- Abandoned right-of-way under the US Route 50 freeway to Country Club Drive.
- Country Club Drive to abandoned right-of-way under the US Route 50 freeway to Rodeo Road.
- Rodeo Road through abandoned right-of-way to Durock Road.
- Durock Road through abandoned right-of-way to Mother Lode Drive in Shingle Springs.
- Mother Lode Drive, Buckeye Road, Rocking Horse Lane, Cutty Sark Lane, Old French Town Road, Greenstone Cutoff and Mother Lode Drive to Pleasant Valley Road.
- Pleasant Valley Road to California State Route 49 in El Dorado.
- California State Route 49 to Forni Road.
- Forni Road through abandoned right-of-way under the US Route 50 freeway to Placerville Drive.
- Placerville Drive through abandoned right-of-way to Pierroz Road.
- Pierroz Road to Cold Springs Road.
- Cold Springs Road through abandoned right-of-way under the US Route 50 freeway to Main Street in Placerville.
- Main Street through downtown Placerville via an abandoned alignment connecting directly with Broadway.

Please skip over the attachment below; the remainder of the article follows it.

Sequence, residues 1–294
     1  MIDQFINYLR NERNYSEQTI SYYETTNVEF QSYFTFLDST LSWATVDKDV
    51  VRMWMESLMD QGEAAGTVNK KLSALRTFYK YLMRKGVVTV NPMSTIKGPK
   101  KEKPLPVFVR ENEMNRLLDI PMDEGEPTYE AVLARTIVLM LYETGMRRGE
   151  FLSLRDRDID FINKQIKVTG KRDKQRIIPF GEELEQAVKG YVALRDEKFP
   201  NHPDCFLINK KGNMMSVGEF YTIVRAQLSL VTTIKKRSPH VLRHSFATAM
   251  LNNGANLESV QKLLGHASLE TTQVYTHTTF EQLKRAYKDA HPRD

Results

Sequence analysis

The January 1915 California Highway Bulletin cites South Lincoln Highway/LRN 11 from the City Limits of Folsom 6.8 miles eastward to the El Dorado County Line to be paved in 12 foot wide concrete.
The alignment described as the first generation South Lincoln Highway can be seen incorporated into LRN 11 on the 1917 California State Automobile Map from Folsom east to Placerville.
US 50 is shown to have a planned terminus at US 40 near Wadsworth, NV on the 1925 Rand McNally Junior Map of California.
US 50 can be seen terminating US 40 in Wadsworth, NV on a October 1925 report to by the Bureau of Public Roads which lists the recommended US Routes.
The US Route System was finalized by November 1926 and included US 50 being extended to a new terminus at US 99 in Sacramento via the South Lincoln Highway/LRN 11. Early US 50/LRN 11 through Placerville-Folsom can be seen on the 1927 National Map Company Highway Map of California.
The April 1936 California Highways & Public Works reports substantial flood/wash out damage to US 50 and California State Route 49 ("CA 49") in the vicinity of Placerville.